While a couple amendments were proposed to try and clarify or focus the definition of conversion therapy (as a majority of witnesses and briefs urged), those amendments failed to pass. Instead, two amendments introduced by NDP Member of Parliament Randall Garrison and supported by the Liberal MPs were passed. The first amendment expanded the definition of conversion therapy to include “gender expression.” Here is the new definition (the underlined are the amended words):
320.101 … conversion therapy means a practice, treatment or service designed to change a person’s sexual orientation to heterosexual, to change a person’s gender identity or gender expression to cisgender or to repress or reduce non-heterosexual attraction or sexual behaviour or non-cisgender gender expression. For greater certainty, this definition does not include a practice, treatment or service that relates to the exploration and development of an integrated personal identity without favouring any particular sexual orientation, gender identity or gender expression.
While we appreciate the addition of “an integrated personal identity” (humans are much more than just sexual beings, and our identity is much more complicated than our sexual orientation), nevertheless, this definition remains vague and problematic. What does it mean to not favour a particular orientation? What is a practice that reduces non-cisgender gender expression? What exactly does “gender expression” mean and include? (The term is not defined anywhere in the Criminal Code.) Would prohibiting my son from experimenting with lipstick be a crime? What about having (much less insisting on) male and female dress codes in school? While these practices are not “designed to change” anyone’s orientation or identity, they do “reduce non-cisgender gender expression.” According to this definition, that’s “conversion therapy.”
Another troubling amendment was made to one of the offenses. Not only will providing this vaguely defined conversion therapy to children (section 320.103) or to adults without consent (320.102) be illegal, it will also be a criminal offense to be paid to provide it (320.105) or to advertise it (320.104). But Mr. Garrison felt (and the Liberal MPs agreed) that “advertising” was too narrow and so they added the word “promotes” in order to capture any non-paid advertising:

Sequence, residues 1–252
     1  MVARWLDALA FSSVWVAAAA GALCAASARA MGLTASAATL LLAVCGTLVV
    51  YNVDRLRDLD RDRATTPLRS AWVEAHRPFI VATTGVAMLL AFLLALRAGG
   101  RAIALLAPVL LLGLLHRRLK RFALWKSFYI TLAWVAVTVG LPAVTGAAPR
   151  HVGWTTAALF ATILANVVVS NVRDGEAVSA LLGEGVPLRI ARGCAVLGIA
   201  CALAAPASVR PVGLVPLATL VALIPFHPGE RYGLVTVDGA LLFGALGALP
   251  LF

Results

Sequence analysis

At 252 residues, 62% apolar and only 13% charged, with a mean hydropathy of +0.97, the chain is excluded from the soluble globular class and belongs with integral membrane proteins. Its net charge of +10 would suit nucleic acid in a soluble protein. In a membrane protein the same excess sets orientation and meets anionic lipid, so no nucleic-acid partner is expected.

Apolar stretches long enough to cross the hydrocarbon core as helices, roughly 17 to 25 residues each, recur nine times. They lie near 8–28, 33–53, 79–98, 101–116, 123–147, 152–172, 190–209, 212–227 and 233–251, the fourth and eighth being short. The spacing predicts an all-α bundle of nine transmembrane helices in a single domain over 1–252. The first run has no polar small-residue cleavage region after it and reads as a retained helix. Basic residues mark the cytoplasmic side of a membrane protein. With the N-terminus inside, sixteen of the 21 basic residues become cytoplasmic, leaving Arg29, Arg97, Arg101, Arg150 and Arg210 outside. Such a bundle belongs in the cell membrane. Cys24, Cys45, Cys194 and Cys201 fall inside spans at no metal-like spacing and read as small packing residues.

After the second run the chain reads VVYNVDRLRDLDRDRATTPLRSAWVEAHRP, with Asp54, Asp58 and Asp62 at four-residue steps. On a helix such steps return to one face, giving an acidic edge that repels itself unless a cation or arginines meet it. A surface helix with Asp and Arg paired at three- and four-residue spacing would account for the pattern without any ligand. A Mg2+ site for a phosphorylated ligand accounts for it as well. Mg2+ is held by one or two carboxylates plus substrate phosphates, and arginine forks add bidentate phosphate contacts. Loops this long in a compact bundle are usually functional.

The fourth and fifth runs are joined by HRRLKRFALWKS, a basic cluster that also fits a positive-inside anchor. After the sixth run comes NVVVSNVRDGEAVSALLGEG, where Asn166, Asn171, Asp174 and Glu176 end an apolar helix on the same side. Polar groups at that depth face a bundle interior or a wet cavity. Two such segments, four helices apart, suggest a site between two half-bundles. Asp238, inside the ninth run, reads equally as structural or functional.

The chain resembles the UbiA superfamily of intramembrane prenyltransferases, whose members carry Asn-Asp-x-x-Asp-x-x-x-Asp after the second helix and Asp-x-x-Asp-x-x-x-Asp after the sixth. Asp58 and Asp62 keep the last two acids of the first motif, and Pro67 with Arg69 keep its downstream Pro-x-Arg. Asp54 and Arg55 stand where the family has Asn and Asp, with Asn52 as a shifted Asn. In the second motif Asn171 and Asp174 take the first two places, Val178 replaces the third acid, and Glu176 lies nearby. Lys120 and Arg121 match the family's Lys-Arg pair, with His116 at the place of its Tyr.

320.104 Everyone who knowingly promotes or advertises an offer to provide conversion therapy is guilty of an … offence…
So, consider a new Christian who has been helped by a pastor to kick a gay-porn habit. Or consider a man who was experimenting with cross-dressing on weekends but was encouraged by a counsellor to pursue other modes of self-expression that affirmed (rather than denied) his sexual identity as a biological male, leading him to find happiness and fulfillment. If either of these individuals were to share their testimony publicly, this would – on its face – seem to fall under “promoting” a practice that “reduces non-heterosexual behaviour” or “reduces non-cisgender expression.” Again, these vague and overly-broad definitions make Bill C-6 worse and more confusing, leading to greater cause for concern and much greater likelihood of unjustified investigations, charges, and prosecution and much greater likelihood of a chill on conversations around identity and sexuality.
So, what now?
Will the House of Commons do the right thing and send Bill C-6 back to the Justice Committee to complete its study with integrity, to do justice to the efforts of Canadians? Disappointedly, we shouldn’t expect so. Instead, C-6 will likely pass Third Reading and head to the Senate.
How can we interpret these actions on the part of certain committee members as anything but un-parliamentary? The Justice Committee, like all Parliamentary committees, accepts briefs from the public on issues of concern to them. Is it not disingenuous to accept and translate the briefs, but to proceed with a vote before most submissions were available for consideration or deliberation?
ARPA Canada is asking anyone with concerns about Bill C-6 to email their Member of Parliament and ask them to vote against Bill C-6. You can do so right now, by clicking on this link. If the House of Commons will not ensure that the legitimate concerns raised by lawyers, doctors, ethicists, and everyday Canadians positively impacted by a diversity of counselling options, then our chamber of sober second thought, the Senate, will have to step up. For now, let’s hold elected members of Parliament to account.